Yishai Schlissel, an ultra-Orthodox Jewish man, stabbed six marchers in the annual Gay Pride Parade in Jerusalem. What is equally disturbing is that Schlissel was just released after serving 10 years for stabbing participants in the Gay Pride Parade in 2005. Schlissel immediately demanded a court held in accordance with Jewish law, a request which was denied.
The Obama Administration has been accused by public interest groups of being one of the most hostile administration toward whistleblowers since the Nixon Administration. Not only whistleblowers but reporters have been subject to abusive investigations and crackdowns under President Obama. Now, that record has taken an even more dangerous turn. The Justice Department is facing bipartisan criticism after it moved to restrict access of inspectors general to documents needed to ferret out corrupt and abusive practices. The Office of Legal Counsel (OLC) has issued a controversial 68-page memo that says that the department’s inspector general would be required to get permission from the agencies it is investigating to obtain wire taps, grand jury testimonies, and credit information.
Despite the determination of investigators at the State Department and intelligence agencies that Hillary Clinton did use her personal email system to handle confirmed classified information (and potentially compromised “hundreds of classified emails”), Clinton dismissed such allegations and assured the public that it is “pretty clear” that there was no classified information on her personal email system — a system that she used rather than the secure State Department system.
In a major development on the Clinton email scandal, the New York Times is reporting that the inspectors general for the State Department and the intelligence community have asked the Justice Department to open an investigation into whether there was mishandling of classified information by Hillary Clinton using a personal email account while secretary of state. While the newspaper referred to the action as a criminal referral, the Administration quickly moved to counter the story and insist that it is not technically a criminal referral. We have previously discussed this story and the insistence of Clinton that she did nothing wrong in maintaining a private email system and that none of the emails were classified. I disagreed with both premises as well as expressed great skepticism over Clinton’s insistence that she was really not trying to control her emails and insulate them from review but rather simply did not want to carry around two phones. According to the New York Times, investigators believe that Clinton’s email archive contained “hundreds of potentially classified emails.” Nevertheless, the Justice Department appears to be moving to counter any expectation of a criminal investigation against the former Secretary of State under Obama. We have previously discussed the special treatment historically given powerful figures in violating national security rules or practices.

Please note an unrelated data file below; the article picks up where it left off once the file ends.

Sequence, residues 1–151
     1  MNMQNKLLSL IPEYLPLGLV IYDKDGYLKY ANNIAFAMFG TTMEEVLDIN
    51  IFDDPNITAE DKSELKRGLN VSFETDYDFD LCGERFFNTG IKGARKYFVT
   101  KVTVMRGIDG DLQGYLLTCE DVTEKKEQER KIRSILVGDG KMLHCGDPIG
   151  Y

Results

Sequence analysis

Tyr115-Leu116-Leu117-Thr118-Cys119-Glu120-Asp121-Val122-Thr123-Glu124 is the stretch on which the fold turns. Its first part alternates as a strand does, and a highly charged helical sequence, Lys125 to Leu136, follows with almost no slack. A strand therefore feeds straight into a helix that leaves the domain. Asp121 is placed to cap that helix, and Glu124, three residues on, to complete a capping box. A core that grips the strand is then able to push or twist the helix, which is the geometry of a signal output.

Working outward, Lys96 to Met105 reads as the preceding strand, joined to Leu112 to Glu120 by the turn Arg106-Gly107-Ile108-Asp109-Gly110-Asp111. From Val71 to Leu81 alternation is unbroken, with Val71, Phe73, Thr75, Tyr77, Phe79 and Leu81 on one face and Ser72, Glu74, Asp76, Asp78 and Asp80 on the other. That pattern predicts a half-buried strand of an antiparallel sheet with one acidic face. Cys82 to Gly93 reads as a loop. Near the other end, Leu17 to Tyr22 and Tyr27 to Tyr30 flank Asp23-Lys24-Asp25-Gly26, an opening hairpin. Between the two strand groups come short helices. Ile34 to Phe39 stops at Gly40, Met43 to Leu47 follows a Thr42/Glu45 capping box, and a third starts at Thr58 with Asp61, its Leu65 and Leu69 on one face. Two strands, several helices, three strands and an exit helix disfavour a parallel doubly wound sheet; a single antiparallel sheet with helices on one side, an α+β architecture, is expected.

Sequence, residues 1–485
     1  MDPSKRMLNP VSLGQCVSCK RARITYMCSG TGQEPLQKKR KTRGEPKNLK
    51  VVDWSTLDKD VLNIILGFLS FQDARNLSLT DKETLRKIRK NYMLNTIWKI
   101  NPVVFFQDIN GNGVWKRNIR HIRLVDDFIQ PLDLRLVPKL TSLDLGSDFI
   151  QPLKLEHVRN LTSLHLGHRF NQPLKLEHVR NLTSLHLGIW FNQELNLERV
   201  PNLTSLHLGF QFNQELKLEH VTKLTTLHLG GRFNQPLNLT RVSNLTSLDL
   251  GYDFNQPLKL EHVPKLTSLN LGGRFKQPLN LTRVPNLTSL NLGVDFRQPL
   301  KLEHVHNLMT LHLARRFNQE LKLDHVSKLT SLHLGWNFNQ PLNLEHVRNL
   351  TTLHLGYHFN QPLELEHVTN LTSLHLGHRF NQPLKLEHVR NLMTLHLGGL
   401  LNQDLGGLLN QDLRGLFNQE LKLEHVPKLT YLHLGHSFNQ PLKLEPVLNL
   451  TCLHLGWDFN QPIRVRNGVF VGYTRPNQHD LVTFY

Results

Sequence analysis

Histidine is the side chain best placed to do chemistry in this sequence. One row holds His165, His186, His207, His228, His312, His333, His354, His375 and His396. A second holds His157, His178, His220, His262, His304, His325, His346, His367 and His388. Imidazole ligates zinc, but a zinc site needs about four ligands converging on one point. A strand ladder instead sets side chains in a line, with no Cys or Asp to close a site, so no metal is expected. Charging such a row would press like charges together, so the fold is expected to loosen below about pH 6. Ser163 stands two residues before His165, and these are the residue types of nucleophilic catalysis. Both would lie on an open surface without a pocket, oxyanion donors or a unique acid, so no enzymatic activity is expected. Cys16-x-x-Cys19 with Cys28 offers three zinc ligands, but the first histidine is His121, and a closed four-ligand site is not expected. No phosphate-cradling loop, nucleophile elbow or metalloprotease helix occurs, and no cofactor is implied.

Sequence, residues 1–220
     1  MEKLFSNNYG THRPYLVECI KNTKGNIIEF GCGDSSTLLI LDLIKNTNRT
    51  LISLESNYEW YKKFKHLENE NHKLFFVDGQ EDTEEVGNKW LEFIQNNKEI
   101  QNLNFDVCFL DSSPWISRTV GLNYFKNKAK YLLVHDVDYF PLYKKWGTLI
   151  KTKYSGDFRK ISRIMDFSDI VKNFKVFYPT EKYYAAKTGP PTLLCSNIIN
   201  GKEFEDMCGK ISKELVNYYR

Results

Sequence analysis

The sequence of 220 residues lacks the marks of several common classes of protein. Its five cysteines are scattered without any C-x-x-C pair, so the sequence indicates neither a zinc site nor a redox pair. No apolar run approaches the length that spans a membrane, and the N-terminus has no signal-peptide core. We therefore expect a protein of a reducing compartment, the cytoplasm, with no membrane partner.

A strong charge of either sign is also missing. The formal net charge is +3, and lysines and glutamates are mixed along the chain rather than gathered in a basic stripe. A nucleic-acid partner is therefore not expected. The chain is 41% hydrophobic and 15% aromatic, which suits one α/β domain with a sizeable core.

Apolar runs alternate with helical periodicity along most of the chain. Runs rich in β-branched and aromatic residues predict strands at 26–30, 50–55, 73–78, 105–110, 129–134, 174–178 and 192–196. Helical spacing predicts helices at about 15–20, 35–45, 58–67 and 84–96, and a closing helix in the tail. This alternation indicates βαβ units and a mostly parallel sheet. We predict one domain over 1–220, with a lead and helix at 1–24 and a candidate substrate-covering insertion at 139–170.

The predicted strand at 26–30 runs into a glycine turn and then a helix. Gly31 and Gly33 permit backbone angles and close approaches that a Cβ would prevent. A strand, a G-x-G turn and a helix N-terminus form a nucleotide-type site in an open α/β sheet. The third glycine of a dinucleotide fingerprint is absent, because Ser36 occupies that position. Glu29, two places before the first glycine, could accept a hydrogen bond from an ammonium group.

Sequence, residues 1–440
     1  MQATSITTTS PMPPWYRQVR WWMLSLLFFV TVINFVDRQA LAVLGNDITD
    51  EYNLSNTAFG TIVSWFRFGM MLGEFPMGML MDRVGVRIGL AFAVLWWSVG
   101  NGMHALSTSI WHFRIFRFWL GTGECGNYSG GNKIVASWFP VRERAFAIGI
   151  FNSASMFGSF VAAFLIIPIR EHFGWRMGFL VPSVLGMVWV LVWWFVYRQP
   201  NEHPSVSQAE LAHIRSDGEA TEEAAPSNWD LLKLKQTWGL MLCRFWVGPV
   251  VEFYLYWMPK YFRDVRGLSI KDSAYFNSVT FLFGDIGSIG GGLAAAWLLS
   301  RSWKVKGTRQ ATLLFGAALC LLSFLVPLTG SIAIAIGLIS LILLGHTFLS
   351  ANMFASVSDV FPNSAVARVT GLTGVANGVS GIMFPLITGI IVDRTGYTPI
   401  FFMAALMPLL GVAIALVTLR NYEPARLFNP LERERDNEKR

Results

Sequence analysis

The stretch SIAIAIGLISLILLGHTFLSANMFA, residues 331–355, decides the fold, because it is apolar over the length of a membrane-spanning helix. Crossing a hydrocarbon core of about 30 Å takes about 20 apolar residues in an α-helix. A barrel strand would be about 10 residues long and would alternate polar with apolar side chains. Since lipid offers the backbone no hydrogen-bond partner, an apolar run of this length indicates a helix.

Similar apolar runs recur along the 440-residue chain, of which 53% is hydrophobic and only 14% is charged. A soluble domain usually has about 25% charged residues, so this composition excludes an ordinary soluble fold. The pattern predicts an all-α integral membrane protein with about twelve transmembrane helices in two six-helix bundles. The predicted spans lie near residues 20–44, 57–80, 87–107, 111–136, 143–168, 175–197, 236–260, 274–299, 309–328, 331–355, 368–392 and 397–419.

Police in New York have arrested Zvi Shor, 64, the founder of the National Children’s Leukemia Foundation (NCLF). He is accused of a truly despicable fraud. The New York Attorney General’s office alleges that roughly 83 percent of the nearly $10 million that the NCLF raised from 2009 to 2013 was paid to professional fundraisers and less than one percent— $57,541— went to direct assistance for leukemia patients. Shor, whose son died of leukemia, has previously been accused of fraud. He was convicted of felony bank fraud in the Eastern District of New York in 1999.
I have been a critic of aspects of the case against former Illinois Gov. Rod Blagojevich. Blagojevich, 58, was convicted of 18 counts of corruption and given a 14-year sentence. The most problematic charge in my view concerned Blagojevich’s wheeling and dealing for the appointment of a successor to fill the 2008 vacant U.S. Senate seat of then-President-Elect Barack Obama. Now a panel of the United States Court of Appeals for the Seventh Circuit has overturned five of the counts specifically dealing with that vacancy controversy.
Television personality Kelly Siegler is under fire this month for what critics are saying is a history of unethical conduct as a prosecutor, including the hiding of evidence in capital punishment cases. After a career as a Harris County prosecutor, Siegler became the star in a reality series on TNT called Cold Justice, now in its third season. Siegler’s allegedly checkered history as a prosecutor is reminiscent of the controversy surrounding Nancy Grace, who was denounced an an unethical prosecutor who violated the rights of accused persons but has been retained by CNN as a show host and legal commentator.